• It’s hard to log in with a device that doesn’t have a USB port: No USB port means nowhere to connect your YubiKey. Some companies glue USB ports on their computer shut for security reasons. And what if you want to log in to a site with your mobile phone? It might be that it’s possible to solve this by using the YubiKey NEO’s NFC capabilities with an NFC compatible phone, but I’ve not had the chance to test that.
  • You can’t make a backup of your YubiKey: You can’t make a backup of the 2FA configuration on the key and transfer it to another key. This is by design, and perfectly understandable, but a major inconvenience if you misplace or lose the YubiKey.
  • The USB connectors are always exposed: There is no way to easily protect the USB connectors on the YubiKey. To me, this looks like a design flaw: It’s designed to be on a key chain and metal keys constantly rubbing against the connectors can’t possibly be a good thing.
  • It’s yet another device: You already have your mobile phone with you wherever you go, why drag along yet another device?
  • Very limited browser support: Right now, only Google Chrome supports U2F. This means that if you enable U2F on a site that supports it - and that’s not too many yet either - you’re stuck with Chrome. As far as I can tell, there’s no plans to add U2F support to Opera and there’s no real progress for Firefox either.
  • Very limited site and service support: Right now, you can list all the sites that support U2F in one breath: Gmail and Google Accounts, GitHub, Dropbox, LastPass and WordPress.
  • There’s no access control to the key: If someone gets their hands on your YubiKey, they have direct access to it. If you use your mobile phone app for 2FA, on the other hand, you can easily configure it to require a pin, password, pattern or something similar to unlock the phone.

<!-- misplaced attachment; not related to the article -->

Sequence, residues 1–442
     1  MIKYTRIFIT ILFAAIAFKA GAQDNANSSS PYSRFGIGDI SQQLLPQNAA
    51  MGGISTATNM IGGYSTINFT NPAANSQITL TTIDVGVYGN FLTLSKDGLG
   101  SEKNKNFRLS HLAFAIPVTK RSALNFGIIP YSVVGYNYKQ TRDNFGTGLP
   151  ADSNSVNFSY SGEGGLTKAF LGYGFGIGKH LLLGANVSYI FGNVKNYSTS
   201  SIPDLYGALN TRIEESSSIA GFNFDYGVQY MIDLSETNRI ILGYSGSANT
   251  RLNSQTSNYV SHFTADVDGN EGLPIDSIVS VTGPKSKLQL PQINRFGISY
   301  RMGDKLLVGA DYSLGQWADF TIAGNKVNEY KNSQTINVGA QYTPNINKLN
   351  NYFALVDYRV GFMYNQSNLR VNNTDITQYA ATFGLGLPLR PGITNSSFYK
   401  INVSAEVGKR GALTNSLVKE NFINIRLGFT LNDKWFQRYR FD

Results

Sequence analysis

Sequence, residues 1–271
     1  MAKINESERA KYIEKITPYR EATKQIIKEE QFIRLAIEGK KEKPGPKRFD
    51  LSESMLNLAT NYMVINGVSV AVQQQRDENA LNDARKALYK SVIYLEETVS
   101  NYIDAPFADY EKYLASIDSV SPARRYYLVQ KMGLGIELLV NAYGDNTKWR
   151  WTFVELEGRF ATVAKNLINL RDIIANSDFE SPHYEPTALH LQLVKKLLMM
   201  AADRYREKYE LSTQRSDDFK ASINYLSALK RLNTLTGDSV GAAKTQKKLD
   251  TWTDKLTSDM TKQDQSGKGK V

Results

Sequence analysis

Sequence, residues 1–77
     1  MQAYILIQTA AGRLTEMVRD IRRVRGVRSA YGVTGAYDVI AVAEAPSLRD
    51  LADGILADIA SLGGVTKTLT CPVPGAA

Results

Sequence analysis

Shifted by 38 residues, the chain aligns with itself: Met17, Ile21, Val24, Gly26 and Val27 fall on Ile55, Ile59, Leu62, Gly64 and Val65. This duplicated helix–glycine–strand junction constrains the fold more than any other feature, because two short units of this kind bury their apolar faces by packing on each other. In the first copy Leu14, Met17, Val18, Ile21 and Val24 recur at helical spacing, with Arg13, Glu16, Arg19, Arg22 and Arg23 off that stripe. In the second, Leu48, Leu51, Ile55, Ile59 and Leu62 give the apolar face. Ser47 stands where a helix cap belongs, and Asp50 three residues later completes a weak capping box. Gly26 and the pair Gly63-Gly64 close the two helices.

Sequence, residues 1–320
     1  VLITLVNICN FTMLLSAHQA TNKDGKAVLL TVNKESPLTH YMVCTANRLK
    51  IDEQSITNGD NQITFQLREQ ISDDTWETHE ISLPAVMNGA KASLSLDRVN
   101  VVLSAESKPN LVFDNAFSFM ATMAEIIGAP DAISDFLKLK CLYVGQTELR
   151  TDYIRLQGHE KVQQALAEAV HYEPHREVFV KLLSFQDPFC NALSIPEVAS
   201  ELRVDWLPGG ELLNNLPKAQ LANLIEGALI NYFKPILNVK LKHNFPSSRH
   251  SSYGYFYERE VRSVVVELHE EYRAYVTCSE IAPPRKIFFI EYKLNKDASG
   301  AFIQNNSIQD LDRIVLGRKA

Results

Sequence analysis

As of right now, the cons undoubtedly outweighs the pros. The main problem is the very limited browser and service support. That’s the reason why I’m still using Google Authenticator for 2FA. But both browser and service support are likely to get better over time. When that time comes, I’m ready, and I’m looking forward to the day when a dedicated hardware device rules all second factor authentication.

If you want to use U2F but don’t want to get another device to carry around, there might be an option for you: Transakt U2F from Entersekt. Transakt is a mobile-phone–based authentication product with a light weight USB bridge that you can install on your computer. The bridge will allow your browser to connect with the U2F-enabled Transakt app on your mobile phone. I’m not sure how this will actually work in practice, but I’m guessing you have to connect your mobile phone to your computer with a USB cable. Not amazingly convenient, but it does mean you don’t have to carry an additional device. Unless you count the USB cable as a device. The feature is currently available in a closed beta, but you can read more about it on Entersekt’s blog.

So, yeah. The day when U2F support is widely available, both in browsers and services, will come. We’re just not there yet.